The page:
Kanye West says he’s buying Parler, the right-wing social media app that bills itself as an “uncancelable free speech platform” and known for its lax moderation policies. The move comes a little more than a week after Instagram restricted West, who legally changed his name to Ye, on the platform and Twitter locked him out of his account. Both platforms took action after the artist spewed antisemitic comments.
Parler parent company Parlement Technologies announced the news in a press release on Monday morning. In the release, Parlement said that it had entered in an agreement “in principle” to sell Parler to Ye and expects to settle on a “definitive purchase agreement” and close the deal later this year. The amount of the sale was not disclosed. Under the deal, Parlement would continue to provide Parler with technical support and cloud services.
According to Parlement, Ye’s decision to buy Parler is a “bold stance against his recent censorship from Big Tech.” The company added that the artist will use his talents to lead the fight to “create a truly non-cancelable environment.”
“In a world where conservative opinions are considered to be controversial we have to make sure we have the right to freely express ourselves,” Ye said in the press release.
In an interview with Bloomberg, the artist said he was motivated to acquire Parler when he was locked out of Instagram and Twitter. Ye explained that his platform would be for “for the people who have been bullied by the thought police to come and speak their mind,” the outlet reported.
What Does Ye and Parler’s Agreement “In Principle” Mean?
Don’t add Parler to Ye’s list of businesses so fast, though. Just because Ye is saying that he’s buying Parler doesn’t mean that it’s going to happen. Parlement’s press release included various references to an agreement “in principle,” which is basically a preliminary agreement, according to Elizabeth Sloan, an attorney and partner at Ballard Spahr. While it indicates more than an intention to purchase, it is not a final contract, she said.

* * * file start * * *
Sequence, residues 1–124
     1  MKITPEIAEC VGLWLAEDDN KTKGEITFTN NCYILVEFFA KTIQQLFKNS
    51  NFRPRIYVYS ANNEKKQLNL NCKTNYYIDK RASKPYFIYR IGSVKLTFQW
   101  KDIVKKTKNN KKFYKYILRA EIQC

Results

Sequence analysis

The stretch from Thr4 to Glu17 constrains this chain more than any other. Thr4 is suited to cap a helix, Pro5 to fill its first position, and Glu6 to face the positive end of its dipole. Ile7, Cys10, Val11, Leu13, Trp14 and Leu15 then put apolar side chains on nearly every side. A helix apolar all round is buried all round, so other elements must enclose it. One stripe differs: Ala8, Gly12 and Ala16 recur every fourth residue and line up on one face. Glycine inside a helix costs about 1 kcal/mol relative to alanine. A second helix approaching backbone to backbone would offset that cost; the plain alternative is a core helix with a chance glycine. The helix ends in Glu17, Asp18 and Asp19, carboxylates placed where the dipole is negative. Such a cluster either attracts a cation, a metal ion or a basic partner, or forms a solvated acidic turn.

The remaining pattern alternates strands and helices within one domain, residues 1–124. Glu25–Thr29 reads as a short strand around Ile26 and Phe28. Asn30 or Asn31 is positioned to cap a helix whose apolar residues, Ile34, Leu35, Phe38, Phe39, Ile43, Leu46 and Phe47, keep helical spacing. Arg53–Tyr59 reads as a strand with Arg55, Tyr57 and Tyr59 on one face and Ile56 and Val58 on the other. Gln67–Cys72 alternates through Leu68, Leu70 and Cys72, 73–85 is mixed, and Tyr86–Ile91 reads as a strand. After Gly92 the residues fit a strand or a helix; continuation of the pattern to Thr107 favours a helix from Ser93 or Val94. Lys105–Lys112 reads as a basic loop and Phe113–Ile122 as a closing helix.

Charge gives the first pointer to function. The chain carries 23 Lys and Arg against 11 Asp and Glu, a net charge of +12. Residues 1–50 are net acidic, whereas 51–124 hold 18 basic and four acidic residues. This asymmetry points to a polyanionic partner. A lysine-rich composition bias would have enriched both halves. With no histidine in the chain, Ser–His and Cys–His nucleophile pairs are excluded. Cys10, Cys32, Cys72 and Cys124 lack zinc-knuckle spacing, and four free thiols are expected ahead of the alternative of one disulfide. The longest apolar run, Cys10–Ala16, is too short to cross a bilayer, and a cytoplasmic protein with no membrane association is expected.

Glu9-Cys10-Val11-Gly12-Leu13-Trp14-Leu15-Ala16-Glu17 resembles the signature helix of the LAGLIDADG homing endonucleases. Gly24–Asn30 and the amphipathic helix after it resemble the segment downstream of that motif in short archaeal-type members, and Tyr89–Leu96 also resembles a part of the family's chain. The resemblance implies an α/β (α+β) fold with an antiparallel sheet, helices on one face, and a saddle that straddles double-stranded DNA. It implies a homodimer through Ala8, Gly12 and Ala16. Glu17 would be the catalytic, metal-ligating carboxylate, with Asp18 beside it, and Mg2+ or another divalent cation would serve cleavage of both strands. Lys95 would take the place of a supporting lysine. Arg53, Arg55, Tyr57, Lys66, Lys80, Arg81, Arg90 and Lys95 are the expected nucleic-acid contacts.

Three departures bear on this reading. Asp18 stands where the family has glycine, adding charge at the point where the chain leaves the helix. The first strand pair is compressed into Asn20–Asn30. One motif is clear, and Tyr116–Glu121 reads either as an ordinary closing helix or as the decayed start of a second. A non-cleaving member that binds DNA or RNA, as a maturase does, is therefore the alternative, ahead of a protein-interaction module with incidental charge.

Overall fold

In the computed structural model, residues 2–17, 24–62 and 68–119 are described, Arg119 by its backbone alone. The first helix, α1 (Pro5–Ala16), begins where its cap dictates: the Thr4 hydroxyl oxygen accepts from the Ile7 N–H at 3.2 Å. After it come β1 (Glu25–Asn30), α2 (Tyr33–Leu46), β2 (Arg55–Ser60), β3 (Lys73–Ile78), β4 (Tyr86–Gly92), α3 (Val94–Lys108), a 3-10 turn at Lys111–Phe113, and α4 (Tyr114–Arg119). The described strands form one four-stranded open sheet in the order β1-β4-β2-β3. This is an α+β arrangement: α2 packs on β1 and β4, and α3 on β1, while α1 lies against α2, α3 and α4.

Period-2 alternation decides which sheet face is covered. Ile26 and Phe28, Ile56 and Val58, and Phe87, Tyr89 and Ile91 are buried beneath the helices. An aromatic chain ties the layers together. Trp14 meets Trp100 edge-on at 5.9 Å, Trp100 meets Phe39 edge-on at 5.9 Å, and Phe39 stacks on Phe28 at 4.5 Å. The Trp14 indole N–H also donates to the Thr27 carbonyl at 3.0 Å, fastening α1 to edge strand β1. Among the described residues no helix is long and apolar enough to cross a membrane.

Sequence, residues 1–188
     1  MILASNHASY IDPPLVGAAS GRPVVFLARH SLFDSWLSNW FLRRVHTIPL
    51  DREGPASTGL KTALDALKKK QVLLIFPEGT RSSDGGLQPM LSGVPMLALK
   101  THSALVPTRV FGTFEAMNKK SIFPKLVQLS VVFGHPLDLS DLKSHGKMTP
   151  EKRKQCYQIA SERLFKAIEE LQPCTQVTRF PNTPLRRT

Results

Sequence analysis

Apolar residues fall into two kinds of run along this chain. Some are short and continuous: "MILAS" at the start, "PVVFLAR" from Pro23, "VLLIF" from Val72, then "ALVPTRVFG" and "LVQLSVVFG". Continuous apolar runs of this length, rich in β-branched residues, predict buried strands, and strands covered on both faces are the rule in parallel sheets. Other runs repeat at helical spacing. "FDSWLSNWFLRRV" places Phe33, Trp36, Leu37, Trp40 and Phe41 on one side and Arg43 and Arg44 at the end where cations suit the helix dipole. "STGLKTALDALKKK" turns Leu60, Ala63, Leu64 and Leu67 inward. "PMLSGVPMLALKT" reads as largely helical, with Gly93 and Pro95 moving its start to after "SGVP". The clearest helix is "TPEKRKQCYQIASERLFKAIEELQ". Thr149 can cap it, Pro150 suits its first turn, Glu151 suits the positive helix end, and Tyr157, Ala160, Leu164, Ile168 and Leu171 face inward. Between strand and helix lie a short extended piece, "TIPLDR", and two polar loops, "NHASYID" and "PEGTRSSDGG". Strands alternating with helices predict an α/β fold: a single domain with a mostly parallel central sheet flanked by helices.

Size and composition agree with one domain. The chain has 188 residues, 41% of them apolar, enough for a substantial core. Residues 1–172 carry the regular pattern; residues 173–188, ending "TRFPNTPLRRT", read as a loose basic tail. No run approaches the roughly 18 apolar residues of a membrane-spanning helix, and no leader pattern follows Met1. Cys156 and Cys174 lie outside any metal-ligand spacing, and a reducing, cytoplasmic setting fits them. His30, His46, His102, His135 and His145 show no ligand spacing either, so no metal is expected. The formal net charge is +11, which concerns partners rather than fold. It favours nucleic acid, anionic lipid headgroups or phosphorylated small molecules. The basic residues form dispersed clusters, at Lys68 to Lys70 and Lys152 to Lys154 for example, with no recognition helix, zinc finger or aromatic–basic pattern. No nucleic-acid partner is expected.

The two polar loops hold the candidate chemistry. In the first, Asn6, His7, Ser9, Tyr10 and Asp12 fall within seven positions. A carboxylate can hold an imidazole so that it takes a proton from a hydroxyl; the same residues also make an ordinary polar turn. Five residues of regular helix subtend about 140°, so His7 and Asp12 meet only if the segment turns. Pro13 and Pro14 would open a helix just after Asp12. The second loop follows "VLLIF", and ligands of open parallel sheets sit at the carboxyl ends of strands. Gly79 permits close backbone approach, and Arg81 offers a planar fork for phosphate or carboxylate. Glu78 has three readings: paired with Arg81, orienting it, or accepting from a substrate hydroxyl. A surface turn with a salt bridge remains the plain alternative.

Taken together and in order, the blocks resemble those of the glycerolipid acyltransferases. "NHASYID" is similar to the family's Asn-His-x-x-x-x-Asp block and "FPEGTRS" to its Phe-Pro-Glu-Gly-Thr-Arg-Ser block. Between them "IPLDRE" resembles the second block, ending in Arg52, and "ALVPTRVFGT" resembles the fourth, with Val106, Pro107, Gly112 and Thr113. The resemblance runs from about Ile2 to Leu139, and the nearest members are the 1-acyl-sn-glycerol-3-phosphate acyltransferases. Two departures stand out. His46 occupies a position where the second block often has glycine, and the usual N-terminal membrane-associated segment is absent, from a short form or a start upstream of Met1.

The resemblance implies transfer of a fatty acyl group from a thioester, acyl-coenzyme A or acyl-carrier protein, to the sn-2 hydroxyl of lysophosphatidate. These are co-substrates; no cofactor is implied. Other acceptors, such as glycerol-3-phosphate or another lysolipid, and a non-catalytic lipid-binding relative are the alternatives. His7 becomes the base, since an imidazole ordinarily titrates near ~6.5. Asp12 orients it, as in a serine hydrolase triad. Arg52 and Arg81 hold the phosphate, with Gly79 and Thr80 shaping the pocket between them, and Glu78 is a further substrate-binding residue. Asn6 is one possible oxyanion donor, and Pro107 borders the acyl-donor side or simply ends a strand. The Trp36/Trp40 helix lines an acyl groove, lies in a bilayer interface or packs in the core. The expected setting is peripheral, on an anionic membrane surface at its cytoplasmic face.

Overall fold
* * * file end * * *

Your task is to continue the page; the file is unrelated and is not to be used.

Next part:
“It is where the parties have negotiated the material terms of an agreement. Ideally, those terms would form the basis of a formal, written contract,” Sloan told Gizmodo via email. “An agreement in principle, though, is generally not binding.”
Sloan explained that an agreement in principle doesn’t have to be written down. It also doesn’t require for the parties to sign a term sheet. However, for these types of deals and for larger deals, agreements are often put down in writing and signed, the Ballard Spahr lawyer said. In this case, it’s not clear how the agreement in principle has been handled.
Overall, the Ballard Spahr lawyer pointed out that there isn’t a lot known about the agreement, which makes it difficult to comment on the legal aspects of it. She added that the lack of information makes it hard to know when the deal will close.
“Whether it is close to being final is unclear right now. Sometimes the agreement [in principle] is very detailed, which could mean a final contract could be forthcoming quickly. But, that isn’t necessary. And, the parties could take their time to finalize a contract,” the lawyer explained.
Parler’s Response to Ye’s Decision to Purchase
On Monday, Parlement CEO George Farmer said that he welcomed Ye to the fight for free speech. Farmer is the husband of Candace Owens, the right-wing commentator recently pictured with West in matching “White Lives Matter” shirts.
“This deal will change the world, and change the way the world thinks about free speech. Ye is making a groundbreaking move into the free speech media space and will never have to fear being removed from social media again,” Farmer said. “Once again, Ye proves that he is one step ahead of the legacy media narrative. Parlement will be honored to help him achieve his goals.”
Parler published a post about the sale to Ye on the platform on Monday.
Additionally, Parlement’s press release included a link to Ye’s profile on Parler, which was created on Monday and had 526 followers at the time of publication. As of Wednesday, the account had 17,500 followers.
In an embarrassing faux pas, Parler accidentally revealed the email addresses more than 300 of its VIP users, including Ivanka Trump and Republican Rep. Elise Stefanik, when it sent them an excited email about the agreement, CNN reported. Instead of BCC’ing the recipients, Parler put them in CC.
Earlier this month, Instagram and Twitter took action against Ye’s antisemitic comments and account because the artist violated their policies. Jewish advocacy groups condemned the artist’s antisemitic comments, which invoked tropes like Jewish control and greed, and said that his words were dangerous and fomented hatred against Jews.
Gizmodo reached out to Parler for comment on Monday morning and to ask how much Ye had offered for Parler but did not hear back.
Update 10/17/2022, 8:21 a.m. ET: This post has been updated to include screenshots from Parler’s announcement and additional details on the proposed deal.
Update 10/18/2022, 5:10 p.m. ET: This post has been updated with comment from Sloan and Ye’s comments to Bloomberg. It also now includes Parler’s public email to its VIP users.